Growing Up Behind Bars

The United States was the only country to condemn minors to life in prison with no chance for parole. In recent years the Supreme Court has ruled this unconstitutional. Yet more than 2,000 so-called juvenile lifers remain in prison in what the court says is cruel and unusual punishment.

Howard Center for Investigative Journalism | CNS | PBS NewsHour

(This work is a collaboration among the University of Maryland’s Howard Center for Investigative Journalism and Capital News Service and the PBS NewsHour.)

Three Supreme Court decisions have changed the landscape of juvenile justice policy since the “tough on crime” era of the 1990s. Together, they ruled unconstitutional both the death penalty and life without parole for juvenile offenders.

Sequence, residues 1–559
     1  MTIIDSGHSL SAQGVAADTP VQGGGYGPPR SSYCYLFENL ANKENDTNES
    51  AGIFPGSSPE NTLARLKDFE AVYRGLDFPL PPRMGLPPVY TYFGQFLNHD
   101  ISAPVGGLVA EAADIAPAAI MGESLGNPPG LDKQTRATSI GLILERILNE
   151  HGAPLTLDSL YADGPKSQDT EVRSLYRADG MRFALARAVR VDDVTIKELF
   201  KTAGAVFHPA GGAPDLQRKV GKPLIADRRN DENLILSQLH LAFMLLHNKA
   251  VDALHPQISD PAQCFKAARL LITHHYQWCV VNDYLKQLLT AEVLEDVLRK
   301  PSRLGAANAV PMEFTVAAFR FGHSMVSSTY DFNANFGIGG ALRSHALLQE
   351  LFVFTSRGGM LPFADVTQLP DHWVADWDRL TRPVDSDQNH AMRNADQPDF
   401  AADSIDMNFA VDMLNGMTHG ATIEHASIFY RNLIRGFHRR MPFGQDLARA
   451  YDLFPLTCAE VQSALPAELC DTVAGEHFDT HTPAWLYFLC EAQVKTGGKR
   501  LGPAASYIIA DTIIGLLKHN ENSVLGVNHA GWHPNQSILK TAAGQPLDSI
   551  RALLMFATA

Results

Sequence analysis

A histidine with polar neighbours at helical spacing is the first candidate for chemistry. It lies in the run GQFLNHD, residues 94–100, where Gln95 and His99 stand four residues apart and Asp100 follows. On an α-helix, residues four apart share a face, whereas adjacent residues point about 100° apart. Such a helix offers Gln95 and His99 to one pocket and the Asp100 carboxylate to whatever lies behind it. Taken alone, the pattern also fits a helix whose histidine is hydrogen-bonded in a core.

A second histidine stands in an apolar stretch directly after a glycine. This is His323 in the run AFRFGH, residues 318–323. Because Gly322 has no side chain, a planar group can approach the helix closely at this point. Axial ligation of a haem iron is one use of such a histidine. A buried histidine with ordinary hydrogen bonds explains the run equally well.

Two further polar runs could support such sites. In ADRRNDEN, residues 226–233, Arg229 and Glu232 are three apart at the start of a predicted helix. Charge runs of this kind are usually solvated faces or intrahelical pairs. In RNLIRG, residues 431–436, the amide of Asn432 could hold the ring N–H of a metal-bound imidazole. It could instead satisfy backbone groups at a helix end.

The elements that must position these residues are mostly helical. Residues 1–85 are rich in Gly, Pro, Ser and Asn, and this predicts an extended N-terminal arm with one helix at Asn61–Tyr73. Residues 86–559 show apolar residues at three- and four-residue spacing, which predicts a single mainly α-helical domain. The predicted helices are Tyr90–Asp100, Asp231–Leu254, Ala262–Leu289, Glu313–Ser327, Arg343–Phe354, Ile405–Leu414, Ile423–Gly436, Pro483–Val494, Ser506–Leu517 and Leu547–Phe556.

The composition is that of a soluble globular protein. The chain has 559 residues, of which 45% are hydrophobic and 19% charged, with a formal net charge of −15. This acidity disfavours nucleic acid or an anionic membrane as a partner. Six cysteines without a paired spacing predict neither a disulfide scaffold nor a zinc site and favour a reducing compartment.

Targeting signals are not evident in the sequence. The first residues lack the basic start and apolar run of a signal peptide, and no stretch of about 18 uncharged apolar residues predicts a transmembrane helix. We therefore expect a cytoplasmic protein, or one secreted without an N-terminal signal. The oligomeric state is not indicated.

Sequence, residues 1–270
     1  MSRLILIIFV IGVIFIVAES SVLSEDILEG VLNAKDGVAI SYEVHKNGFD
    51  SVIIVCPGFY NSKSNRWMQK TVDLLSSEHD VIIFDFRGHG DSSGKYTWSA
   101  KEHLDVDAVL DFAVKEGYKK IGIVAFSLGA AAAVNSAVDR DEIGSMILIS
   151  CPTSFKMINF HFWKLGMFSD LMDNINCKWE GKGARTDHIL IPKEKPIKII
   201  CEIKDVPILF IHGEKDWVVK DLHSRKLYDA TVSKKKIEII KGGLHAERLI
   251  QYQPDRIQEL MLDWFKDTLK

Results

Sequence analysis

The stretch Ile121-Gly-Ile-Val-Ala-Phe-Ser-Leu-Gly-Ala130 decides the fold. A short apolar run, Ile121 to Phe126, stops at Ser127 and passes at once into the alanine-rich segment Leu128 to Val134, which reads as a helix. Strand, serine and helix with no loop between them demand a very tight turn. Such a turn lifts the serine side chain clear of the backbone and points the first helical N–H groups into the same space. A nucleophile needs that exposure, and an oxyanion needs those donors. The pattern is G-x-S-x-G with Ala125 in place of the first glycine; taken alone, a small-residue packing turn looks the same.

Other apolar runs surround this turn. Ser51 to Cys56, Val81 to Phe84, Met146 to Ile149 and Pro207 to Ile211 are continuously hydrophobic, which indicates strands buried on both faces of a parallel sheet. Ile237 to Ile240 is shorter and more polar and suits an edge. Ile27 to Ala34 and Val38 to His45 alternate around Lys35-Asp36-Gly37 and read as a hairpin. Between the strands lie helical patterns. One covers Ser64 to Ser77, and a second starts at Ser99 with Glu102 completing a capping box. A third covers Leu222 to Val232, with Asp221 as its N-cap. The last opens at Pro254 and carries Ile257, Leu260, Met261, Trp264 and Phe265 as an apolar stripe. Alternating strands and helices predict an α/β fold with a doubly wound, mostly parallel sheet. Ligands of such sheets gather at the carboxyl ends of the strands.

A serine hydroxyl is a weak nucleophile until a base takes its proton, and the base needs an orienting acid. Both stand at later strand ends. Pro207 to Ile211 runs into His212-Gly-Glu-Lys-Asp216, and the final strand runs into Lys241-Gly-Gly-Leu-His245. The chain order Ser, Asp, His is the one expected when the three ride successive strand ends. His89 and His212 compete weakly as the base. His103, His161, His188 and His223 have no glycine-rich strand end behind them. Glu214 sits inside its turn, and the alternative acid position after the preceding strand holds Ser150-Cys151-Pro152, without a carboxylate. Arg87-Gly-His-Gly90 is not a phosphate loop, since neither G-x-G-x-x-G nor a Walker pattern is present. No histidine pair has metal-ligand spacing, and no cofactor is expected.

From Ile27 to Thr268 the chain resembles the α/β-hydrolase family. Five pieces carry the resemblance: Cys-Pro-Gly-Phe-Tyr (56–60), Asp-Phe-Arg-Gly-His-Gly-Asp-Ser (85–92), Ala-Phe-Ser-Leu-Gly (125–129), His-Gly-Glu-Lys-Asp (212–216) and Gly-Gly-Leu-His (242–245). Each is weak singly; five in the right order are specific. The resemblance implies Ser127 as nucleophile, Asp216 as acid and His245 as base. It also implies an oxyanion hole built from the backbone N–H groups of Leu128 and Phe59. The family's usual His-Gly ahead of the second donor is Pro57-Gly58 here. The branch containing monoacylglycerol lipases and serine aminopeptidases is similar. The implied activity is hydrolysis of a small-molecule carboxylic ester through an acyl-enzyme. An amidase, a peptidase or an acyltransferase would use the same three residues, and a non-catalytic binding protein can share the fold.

The response to those rulings has been strikingly varied from state to state. Three states had large numbers of juveniles sentenced to life without parole, effectively sentenced to die in prison: Pennsylvania, Michigan and Florida. Pennsylvania stands out for its efforts to resentence and release juveniles.

Three other states, Maryland, California and Oklahoma, require a governor’s signature to grant parole rather than the approval of an appointed parole board. Again, those states have responded unevenly. Marsha Levick, the chief legal officer of the Philadelphia-based Juvenile Law Center, captured the essence of the situation when she said, “In America, it’s either justice by geography, justice by race, or justice by wealth.”

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